Implementing a Holistic approach to your overall health can significantly improve your personal wellbeing.
The future is bright:
Now is the perfect time to understand and re-connect with yourself and plan for the future. Adapt to this change positively. This, in the context of work, is especially important. Re-integration into the workplace will be necessary. Monitor people’s needs and make adjustments accordingly. Generalised support will be essential and personalising this support towards individuals will be the key to successful outcomes for all.
Whilst we are navigating these uncertain times I urge you to look to a brighter future. Embrace the positivity this situation has presented us with. We have the opportunity to be more connected than ever with what is important in our lives. There is an increased sense of community spirit and an ever increasing attitude towards helping our fellow neighbour. More of us are supporting local businesses and thinking about our wider communities. There is a real sense of togetherness and I personally hope that we do not lose this. In my opinion social distancing is not the right phrase, it should be physical distancing as we should definitely remain socially active with the use digital technologies. This will maintain positivity and keep this feeling of togetherness.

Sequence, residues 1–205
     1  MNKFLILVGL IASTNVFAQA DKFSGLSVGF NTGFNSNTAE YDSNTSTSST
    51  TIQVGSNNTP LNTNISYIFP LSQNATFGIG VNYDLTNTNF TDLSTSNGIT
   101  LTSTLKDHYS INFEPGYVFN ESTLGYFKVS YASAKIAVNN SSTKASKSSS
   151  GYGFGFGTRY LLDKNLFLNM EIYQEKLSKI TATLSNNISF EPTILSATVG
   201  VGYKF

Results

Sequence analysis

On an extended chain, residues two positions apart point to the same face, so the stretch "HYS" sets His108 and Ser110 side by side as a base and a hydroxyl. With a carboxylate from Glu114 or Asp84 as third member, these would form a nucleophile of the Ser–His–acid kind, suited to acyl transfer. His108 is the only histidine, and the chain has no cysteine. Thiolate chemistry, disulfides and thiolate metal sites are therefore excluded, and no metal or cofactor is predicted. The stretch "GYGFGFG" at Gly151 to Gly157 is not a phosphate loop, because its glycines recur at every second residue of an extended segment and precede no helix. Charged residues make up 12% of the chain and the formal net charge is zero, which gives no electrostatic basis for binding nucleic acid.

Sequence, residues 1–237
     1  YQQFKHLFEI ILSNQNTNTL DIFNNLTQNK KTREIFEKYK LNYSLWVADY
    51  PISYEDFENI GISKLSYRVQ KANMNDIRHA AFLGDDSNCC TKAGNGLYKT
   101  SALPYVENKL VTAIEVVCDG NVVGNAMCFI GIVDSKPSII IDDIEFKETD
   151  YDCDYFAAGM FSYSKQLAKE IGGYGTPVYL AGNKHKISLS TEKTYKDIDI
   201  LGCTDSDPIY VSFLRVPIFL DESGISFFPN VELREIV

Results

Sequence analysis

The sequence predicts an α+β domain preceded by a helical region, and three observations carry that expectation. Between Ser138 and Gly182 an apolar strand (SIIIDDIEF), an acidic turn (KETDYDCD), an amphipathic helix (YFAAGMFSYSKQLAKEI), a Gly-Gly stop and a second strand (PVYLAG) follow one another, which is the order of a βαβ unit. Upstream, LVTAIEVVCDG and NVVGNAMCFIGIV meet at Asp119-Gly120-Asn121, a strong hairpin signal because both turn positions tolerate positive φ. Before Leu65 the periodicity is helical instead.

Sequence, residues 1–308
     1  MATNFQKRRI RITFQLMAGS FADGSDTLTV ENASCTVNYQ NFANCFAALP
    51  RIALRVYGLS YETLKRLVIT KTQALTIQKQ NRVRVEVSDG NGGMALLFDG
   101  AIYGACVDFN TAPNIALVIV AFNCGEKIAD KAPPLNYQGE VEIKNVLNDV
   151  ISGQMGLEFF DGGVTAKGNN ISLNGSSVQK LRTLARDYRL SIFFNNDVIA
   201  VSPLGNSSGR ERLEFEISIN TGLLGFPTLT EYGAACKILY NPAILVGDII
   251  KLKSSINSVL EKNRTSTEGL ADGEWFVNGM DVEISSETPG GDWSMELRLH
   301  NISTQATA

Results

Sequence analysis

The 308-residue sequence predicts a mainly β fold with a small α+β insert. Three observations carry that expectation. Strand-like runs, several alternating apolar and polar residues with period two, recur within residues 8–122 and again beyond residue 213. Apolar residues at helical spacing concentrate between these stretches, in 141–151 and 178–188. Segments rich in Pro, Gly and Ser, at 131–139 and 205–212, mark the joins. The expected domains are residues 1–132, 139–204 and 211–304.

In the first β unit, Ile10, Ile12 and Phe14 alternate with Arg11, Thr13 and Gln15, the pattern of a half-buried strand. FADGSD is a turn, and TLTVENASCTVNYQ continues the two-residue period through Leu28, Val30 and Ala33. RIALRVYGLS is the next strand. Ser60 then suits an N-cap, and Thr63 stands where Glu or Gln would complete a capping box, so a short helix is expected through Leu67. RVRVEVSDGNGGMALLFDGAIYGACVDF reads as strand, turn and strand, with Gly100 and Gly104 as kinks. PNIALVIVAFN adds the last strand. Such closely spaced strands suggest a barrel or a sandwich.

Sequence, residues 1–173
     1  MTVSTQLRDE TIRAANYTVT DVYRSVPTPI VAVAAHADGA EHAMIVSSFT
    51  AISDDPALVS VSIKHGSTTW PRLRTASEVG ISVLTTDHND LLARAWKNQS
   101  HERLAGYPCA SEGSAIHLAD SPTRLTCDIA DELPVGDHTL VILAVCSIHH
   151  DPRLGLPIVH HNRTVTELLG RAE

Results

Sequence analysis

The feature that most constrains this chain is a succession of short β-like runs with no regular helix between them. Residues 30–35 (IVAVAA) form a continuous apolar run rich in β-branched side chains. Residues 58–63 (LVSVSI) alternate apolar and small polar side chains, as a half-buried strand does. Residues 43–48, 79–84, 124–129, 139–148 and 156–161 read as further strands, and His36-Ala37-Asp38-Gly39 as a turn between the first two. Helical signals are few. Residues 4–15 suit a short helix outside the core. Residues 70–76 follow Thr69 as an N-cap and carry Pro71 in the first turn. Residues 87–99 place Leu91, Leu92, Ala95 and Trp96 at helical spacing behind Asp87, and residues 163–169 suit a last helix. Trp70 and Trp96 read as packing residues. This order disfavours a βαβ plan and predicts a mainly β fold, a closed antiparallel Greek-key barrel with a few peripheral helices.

One final thought …….. Past experiences have taught us that no matter what is thrown at life, life always finds a way!
Stay safe everyone x
More more information please contact:
Psynergy Mental Health Ltd